Russian, German scientists to study North Magnetic Pole’s drift from Canada to Siberia
In 2019, Russian and German scientists will study the Arctic paleo-climate during the Lena expedition, and will research the drift of the North Magnetic Pole from Canada toward Siberia, according to Igor Yeltsov, Director of the Trofimuk Institute of Petroleum Geology and Geophysics.
This will be the 22nd Lena expedition under a bilateral inter-governmental agreement, the scientist explained. About 20 research agencies and education institutions are working on the project.
"In 2019, we will mostly study the paleo-climate; so our institute is involved in preparing an expedition of specialists on ancient life forms. They will consolidate the successful 2018 search for Arctic flora that grew during substantial climate changes. As before, we will also continue to study biodiversity, permafrost and gas emanations there," Yeltsov said.
Scientists also want to study the drift of the North Magnetic Pole from Canada toward Siberia. "There are different estimates regarding the speed of the pole's movement. According to some sources, the North Magnetic Pole, which is now located in Canada, could reach the Laptev Sea [where our station is located on Samoilovsky Island] in the next few decades or within 100 years. The scientific aspects of this unique phenomenon have not been studied properly because there are very few stations for conducting absolute magnetic field measurements in the Arctic," Yeltsov added.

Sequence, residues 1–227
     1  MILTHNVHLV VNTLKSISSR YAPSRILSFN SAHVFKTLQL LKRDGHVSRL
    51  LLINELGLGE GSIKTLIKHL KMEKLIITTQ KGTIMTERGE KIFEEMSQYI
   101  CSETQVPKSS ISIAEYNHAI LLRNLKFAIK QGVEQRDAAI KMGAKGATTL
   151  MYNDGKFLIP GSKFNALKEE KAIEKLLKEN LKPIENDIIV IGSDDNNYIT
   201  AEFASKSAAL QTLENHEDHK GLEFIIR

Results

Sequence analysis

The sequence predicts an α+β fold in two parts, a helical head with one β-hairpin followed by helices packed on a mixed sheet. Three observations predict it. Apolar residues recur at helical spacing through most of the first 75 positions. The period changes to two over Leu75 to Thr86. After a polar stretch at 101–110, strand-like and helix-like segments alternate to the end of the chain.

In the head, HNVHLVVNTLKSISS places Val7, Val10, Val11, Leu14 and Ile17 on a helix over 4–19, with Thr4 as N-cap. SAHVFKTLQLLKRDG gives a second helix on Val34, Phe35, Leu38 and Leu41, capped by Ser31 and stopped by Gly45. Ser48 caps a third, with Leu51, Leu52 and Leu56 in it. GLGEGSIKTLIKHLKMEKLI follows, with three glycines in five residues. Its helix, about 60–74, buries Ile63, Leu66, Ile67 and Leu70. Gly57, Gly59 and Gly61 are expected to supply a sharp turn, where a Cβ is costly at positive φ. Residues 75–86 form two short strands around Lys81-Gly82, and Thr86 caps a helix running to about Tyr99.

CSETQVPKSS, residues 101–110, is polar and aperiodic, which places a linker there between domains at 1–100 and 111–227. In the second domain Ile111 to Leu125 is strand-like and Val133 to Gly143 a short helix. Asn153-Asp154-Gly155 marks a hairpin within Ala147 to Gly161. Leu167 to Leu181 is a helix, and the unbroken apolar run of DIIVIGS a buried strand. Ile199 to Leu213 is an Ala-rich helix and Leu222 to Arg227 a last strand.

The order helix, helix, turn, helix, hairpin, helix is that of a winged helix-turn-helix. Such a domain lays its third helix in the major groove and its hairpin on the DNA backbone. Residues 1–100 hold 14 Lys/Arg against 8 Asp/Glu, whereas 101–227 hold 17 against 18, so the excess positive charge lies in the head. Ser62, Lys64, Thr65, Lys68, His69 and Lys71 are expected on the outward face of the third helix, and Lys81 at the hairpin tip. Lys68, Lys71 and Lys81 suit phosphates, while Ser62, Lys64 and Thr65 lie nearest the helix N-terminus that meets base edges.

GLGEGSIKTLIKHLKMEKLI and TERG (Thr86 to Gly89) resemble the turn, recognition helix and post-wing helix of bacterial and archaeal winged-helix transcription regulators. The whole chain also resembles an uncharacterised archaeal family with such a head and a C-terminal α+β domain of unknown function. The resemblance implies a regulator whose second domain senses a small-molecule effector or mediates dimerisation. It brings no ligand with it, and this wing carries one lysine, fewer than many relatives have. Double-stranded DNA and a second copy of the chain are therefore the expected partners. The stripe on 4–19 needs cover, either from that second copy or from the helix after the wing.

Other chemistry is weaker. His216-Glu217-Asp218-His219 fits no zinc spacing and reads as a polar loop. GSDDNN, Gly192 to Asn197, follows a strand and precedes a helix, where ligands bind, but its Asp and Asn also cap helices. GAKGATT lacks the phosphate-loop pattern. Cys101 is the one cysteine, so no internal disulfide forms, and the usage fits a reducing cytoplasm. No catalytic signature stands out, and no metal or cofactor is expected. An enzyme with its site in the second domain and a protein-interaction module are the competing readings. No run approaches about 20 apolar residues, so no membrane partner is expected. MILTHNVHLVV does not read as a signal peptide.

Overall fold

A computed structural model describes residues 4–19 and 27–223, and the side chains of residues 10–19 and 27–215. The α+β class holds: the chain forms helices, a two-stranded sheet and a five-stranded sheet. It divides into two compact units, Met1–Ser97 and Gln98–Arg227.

In January 2019, Nature magazine published an article claiming that the North Magnetic Pole continues to wander aimlessly, deviating from the Canadian Arctic toward Siberia. This allegedly makes the region more disaster-prone. According to Siberian geophysicists, the terrestrial magnetic field has repeatedly shifted throughout the planet's history, with the North Magnetic Field replacing the South Magnetic Field, and vice versa. These fluctuations may be linked with serious changes in the behavior of biotas (animal and plant life).